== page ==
A fossilised skeleton of a tiny creature with a long tail, sharp teeth and monkey-like feet has turned out to be the oldest-known primate - the group that includes gorillas, chimps and humans.
Scientists discovered the fossil in the solidified sediment of an ancient lake bed in China and have dated it to about 55 million years ago, about 10 million years after the demise of the dinosaurs and seven million years before the date of the previous oldest-known primate.
The researchers said it is one of the most exciting fossil discoveries in recent years because the animal - called Archicebus achilles - is the closest-known relative of the common ancestor to the entire "anthropoid" lineage encompassing monkeys, apes and man.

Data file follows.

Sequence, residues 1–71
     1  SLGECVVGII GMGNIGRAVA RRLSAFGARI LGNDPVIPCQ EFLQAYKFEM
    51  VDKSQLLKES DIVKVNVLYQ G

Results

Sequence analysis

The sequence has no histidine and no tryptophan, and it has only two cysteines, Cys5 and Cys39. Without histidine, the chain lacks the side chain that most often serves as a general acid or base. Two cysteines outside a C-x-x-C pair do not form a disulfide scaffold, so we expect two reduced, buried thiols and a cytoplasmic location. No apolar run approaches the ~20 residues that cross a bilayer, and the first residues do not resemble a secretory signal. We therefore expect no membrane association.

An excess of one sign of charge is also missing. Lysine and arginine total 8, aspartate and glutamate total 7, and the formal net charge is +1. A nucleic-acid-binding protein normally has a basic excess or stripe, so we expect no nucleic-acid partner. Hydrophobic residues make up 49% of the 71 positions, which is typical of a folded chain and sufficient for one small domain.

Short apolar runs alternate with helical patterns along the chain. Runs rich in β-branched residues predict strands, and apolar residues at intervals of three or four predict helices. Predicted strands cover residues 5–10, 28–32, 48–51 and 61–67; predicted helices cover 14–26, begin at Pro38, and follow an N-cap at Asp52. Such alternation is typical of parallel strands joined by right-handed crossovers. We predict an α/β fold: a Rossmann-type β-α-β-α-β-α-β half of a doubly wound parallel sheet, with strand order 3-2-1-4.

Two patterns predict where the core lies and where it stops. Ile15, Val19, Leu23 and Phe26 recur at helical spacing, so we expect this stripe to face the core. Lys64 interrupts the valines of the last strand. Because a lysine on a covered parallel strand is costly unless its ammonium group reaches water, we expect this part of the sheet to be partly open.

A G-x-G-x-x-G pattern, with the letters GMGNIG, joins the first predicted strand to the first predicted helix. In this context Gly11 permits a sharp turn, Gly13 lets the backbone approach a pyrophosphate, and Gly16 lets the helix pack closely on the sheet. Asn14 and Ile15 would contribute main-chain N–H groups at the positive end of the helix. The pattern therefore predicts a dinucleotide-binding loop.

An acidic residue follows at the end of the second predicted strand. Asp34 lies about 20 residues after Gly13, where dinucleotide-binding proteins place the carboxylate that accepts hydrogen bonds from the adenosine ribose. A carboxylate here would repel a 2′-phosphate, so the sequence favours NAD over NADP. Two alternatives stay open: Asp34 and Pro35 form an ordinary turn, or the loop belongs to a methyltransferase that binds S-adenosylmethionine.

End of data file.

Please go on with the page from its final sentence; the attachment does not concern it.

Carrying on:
Archicebus grew no bigger than a modern-day pygmy shrew. Scientists believe it was active during the day.
"Archicebus differs radically from any other primate, living or fossil, known to science," said Dr Christopher Beard of the Carnegie Museum of Natural History in Pittsburgh, co-author of the scientific description, published in the journal Nature.
"It looks like a hybrid with the feet of a small monkey, the arms, legs and teeth of a very primitive primate and a primitive skull bearing surprisingly small eyes. It will force us to rewrite how the anthropoid lineage evolved," Beard said.